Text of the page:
Lone Hunter Survives 5-Day Blizzard in Makeshift Shelter

by Michael Freeman

While in the wilderness, blizzards are one of the scariest things a person can encounter. Recently, a lone hunter miraculously beat the odds for five days, surviving a blizzard in his makeshift shelter.

Outdoor Life reports hunter Ernie Kiinaalik Eetak survived the Canadian tundra for an incredible five days. Eetak attributes his traditional clothing for his survival through the harsh winter conditions. Though he escaped with his life, after being transported to a Winnipeg hospital, doctors amputated both of his frostbitten hands.

Eetak only planned to be gone for a day and left his native village, Arviat, on December 3. While following a caribou herd, his snowmobile broke down 48 kilometers from his village. Despite it being dark outside, he decided to walk toward home but eventually stopped to rest. After a wolverine passed him by, he realized a blizzard was incoming and went back to his snowmobile and tried building an igloo. This didn’t work after he lost his mittens to the wind and so he improvised, laying his snowmobile on its side and building a shelter with it and a tarp.

At this point, the only thing protecting Eetak from the -22°F weather was his Inuit clothes. These included caribou hides and bearded seal skins made into outerwear and a pair of sunglasses fashioned from caribou antlers. He spent an additional four days braving the elements, telling reporters he “died for five days and came back to life.” Luckily, on December 8, the weather cleared and after walking toward home for an hour, a rescue crew saved him.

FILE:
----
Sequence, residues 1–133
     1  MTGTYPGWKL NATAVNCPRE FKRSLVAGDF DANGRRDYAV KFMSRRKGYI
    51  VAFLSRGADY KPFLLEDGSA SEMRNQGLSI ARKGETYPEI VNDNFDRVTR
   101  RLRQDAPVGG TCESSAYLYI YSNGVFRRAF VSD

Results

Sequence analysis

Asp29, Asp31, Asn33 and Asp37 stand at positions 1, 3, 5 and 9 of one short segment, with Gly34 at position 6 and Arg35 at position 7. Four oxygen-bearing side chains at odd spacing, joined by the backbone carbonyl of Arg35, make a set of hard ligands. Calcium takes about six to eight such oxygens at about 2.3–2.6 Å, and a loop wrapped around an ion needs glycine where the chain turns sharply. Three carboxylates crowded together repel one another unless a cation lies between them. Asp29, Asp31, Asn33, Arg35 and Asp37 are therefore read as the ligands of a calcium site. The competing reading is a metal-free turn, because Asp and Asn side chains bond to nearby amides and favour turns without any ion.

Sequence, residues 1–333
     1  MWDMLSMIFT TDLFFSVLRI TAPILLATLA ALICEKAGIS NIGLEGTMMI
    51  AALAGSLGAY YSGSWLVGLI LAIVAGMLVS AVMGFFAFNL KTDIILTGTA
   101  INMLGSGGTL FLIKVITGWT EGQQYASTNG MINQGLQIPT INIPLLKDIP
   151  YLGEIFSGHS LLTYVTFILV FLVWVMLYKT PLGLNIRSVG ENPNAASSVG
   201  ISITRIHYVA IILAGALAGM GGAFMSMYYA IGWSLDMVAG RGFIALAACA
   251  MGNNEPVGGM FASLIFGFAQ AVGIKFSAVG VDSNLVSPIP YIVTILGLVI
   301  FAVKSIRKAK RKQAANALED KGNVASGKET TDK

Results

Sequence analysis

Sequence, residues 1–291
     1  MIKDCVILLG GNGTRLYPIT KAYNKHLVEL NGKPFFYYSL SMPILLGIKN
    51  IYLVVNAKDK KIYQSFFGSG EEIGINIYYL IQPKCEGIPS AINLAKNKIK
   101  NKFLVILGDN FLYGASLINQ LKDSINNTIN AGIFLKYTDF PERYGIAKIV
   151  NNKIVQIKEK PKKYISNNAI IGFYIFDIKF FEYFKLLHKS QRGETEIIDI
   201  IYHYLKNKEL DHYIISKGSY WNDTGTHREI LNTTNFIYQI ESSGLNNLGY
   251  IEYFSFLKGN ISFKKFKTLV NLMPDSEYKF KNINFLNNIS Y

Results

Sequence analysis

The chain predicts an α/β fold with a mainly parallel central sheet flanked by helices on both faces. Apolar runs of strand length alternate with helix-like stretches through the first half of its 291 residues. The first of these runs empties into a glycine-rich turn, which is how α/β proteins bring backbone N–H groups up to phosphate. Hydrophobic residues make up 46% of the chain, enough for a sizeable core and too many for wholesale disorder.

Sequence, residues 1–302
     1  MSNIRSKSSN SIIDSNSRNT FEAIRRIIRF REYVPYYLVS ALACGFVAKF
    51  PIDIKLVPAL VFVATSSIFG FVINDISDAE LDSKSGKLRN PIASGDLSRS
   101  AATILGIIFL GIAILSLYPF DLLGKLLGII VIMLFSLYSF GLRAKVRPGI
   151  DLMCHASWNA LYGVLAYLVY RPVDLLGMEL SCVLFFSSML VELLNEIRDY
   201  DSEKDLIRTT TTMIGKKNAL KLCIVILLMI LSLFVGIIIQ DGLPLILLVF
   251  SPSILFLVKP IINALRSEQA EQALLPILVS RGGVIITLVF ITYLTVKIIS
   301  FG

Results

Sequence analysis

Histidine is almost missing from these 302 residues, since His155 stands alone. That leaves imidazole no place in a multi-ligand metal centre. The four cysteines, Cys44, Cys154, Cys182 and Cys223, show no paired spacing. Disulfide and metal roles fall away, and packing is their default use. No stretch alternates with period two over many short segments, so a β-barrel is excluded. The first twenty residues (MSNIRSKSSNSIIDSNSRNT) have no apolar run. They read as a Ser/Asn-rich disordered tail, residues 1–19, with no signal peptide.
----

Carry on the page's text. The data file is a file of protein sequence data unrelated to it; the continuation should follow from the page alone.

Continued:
Doctors saved Eetak’s right eye, which ice damaged, but had to remove both his frostbitten hands. Eetak is ready to go back though, telling reporters when he gets his new arms, he’s back into the tundra.

Louisiana Hunters Scores Buck From His Own Back Porch

In other recent hunting news, late last year, a Louisiana hunter bagged a huge buck from his own back porch.

25-year-old Ross Wigginton decided to hunt on his own property after discovering hunting leases were a bit too expensive. This turned out to be a great idea, as he lives along the Mississippi River where whitetail deer are plentiful. Waking up one morning in mid-November, Wigginton went and sat on his back porch waiting for deer. To his surprise, a buck showed up.

“At first, a doe stepped out and I could make her out even though it wasn’t daylight yet,” Ross told the Louisiana Sportsman. “I watched her eat and then she walked off. I didn’t shoot because it was not legal shooting time yet.” Good thing he did because a buck showed up shortly after, so he lined up the shot and took it down.

Weighing 270 pounds and sporting 17 points, I’d say Wigginton did well for not even having to venture from his own porch.